Since 1984, Darlene Russ-Eft has been an on-going contributor to the Human Resource Development (HRD) field by “leading the profession through research” and the “development of new knowledge”. She is considered one of the founders of the field of HRD, with a passion for teaching and research that has awarded her with an Academy of Human Resource Development (AHRD) Hall of Fame honor.
This Hall of Fame award is unique in that it is only given to those who have received the AHRD Outstanding Scholar Award prior. Russ-Eft received this award in 1999 with evidence of scholarly publications that contribute to the fundamental theory and practice of HRD. This practice is more specifically seen in her books and articles that emphasize and highlight the role of program evaluation. At this time Russ-Eft was the Director of Research for Achieve Global, an international training provider. She also contributed to the development and adoption of the AHRD Standards on Ethics and Integrity (AHRD, 1999) and is currently co-chair of a task force working on revisions of those standards. She has served on the AHRD Board, as the vice president for research, and recently as president.
The focus of Russ-Eft’s research involves the connection of human resource development and program evaluation. At OSU, she engages in evaluation of educational programs and activities related to the Bioenergy minor program, the Science and Math Investigative Learning Experience (SMILE) teacher workshops, and the SMILE Summer Bridge program that introduces Bioenergy concepts.
Russ-Eft’s education and research efforts have allowed her to travel as well. As a graduate student, she served as a teaching assistant in undergraduate psychology courses. While a researcher at the American Institutes for Research in Palo Alto, she taught undergraduate courses in psychology. One of her recent travels for teaching has been to Bangkok, Thailand where she taught a course titled Ethics and Good Governance in Complex Organizations in the doctoral program in Human and Organizational Development at the National Institute for Development Administration (NIDA). Russ-Eft shares that she has also guest-lectured at other universities in the United States and internationally.
Russ-Eft has worked at Oregon State University’s College of Education since 2002. Today she continues her work as a Discipline Liaison in Adult and Higher Education (AHE) and a Professor in the doctoral program for Community College Leadership, Higher Education, and in the AHE Masters program. Russ-Eft shares how she “love[s] both research and teaching” and how she has “enjoyed the various research and evaluation projects that have been a part of [her] OSU position.” She emphasizes that she has especially “enjoyed teaching the various courses here; including Learning Theory at the masters level, Instructional Leadership at the doctoral level, Research Analysis and Interpretation at the doctoral level”, as well as her current courses. In addition, “advising both masters thesis students and doctoral advisees have been a highlight” for her.
Along with her love for teaching and research, Russ-Eft says, “for fun [she and her] husband, who is a retired Division Counsel (lawyer) for the Army Corps of Engineers, love to travel, hike, bicycle, and cross cross-country ski, and sing in a choir.”
-People of CoEd- This is Karla Rockhold. She is one of the advisors in the College of Education. With spring term being a busy time of the year, don’t forget that advisors are always here to help! Make an appointment with her if you have any questions. Karla is a great advisor, always positive, and works hard to answer any and all questions you may have. Call 541-737-4661 to make an appointment today!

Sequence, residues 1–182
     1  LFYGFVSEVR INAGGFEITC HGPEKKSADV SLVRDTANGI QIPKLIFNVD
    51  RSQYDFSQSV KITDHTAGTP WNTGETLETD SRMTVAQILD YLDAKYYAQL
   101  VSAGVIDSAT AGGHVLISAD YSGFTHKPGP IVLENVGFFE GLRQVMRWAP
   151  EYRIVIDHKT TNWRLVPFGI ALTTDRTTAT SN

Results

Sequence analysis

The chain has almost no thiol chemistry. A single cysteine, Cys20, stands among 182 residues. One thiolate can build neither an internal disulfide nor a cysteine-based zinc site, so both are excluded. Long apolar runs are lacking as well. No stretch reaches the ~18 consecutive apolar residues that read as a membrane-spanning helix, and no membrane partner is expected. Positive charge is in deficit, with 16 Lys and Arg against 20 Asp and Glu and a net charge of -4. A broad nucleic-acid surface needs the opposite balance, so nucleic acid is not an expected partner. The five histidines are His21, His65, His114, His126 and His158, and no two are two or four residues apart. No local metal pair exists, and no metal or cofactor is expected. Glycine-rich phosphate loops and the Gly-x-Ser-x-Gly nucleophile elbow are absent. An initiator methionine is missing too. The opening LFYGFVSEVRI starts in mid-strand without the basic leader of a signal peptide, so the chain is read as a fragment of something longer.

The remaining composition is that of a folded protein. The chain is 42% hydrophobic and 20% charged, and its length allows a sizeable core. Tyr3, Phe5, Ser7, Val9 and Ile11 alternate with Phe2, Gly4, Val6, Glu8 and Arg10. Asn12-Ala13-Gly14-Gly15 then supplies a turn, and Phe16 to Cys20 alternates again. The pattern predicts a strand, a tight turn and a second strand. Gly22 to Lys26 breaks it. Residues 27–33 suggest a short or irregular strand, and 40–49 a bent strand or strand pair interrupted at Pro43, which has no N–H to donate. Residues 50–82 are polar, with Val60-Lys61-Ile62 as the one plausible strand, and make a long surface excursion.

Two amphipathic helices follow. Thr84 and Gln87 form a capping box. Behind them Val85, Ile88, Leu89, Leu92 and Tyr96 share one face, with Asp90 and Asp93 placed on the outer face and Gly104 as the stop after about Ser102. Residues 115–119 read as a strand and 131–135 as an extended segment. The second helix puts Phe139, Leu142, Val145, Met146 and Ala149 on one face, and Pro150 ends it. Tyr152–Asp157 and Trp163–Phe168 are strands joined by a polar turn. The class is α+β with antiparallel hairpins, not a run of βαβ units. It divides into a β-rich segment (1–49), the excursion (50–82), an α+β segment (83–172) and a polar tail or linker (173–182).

The counseling program at OSU has come a long way since the founder, Professor Frank H. Shepherd, taught the first counseling course during the Spring Semester of 1917. This year, Oregon State University’s College of Education’s Counseling program is proud to announce the celebration of its 100th anniversary.
Entering the 100th year of counseling, Cass Dykeman shares, that “the centennial is a chance for all of Oregon to celebrate the pivotal role the citizens of the State have played in the continuous development of this profession, [which is] so vital to the health of the nation.” Cass Dykeman, the Associate Professor in Counselor Education at OSU’s College of Education, has been a part of the program’s development since 1998.
After receiving a Master’s in Educational Psychology with a School Counseling concentration and a Doctorate in Counselor Education, Dykeman pursued his passion in the following years as a counselor educator, and as an elementary school and high school counselor in Washington. Although he loves his current job, he admits that he “miss[es] playing football with the kids at recess. You don’t get recess teaching doctoral students!”
Today, Dykeman continues his work as an Associate Professor in the program. His favorite part of the program is working with doctoral students on their dissertations because, “helping advanced students create new knowledge is a thrill” for him. He enjoys the manuscript style of the dissertations, because many of the doctoral students publish their efforts in peer-reviewed journals. Rebecca Bolante is one of Cass’ prior students who has produced two peer-reviewed journal articles from her dissertation about Threat Assessment. Dykeman has already served as a major professor for 24 PhD graduates, and says, “[his] goal is to hit 50 by the time [he] retire[s].”
Dykeman understands that pursuing a doctorate is an overall large investment; but finds the Counseling program unique because, it has offered “distance hybrid education since 1933” and is ranked third oldest for continuously operating counselor education program in the world. Dykeman adds that, the program is “high quality and [has] a proven track record.”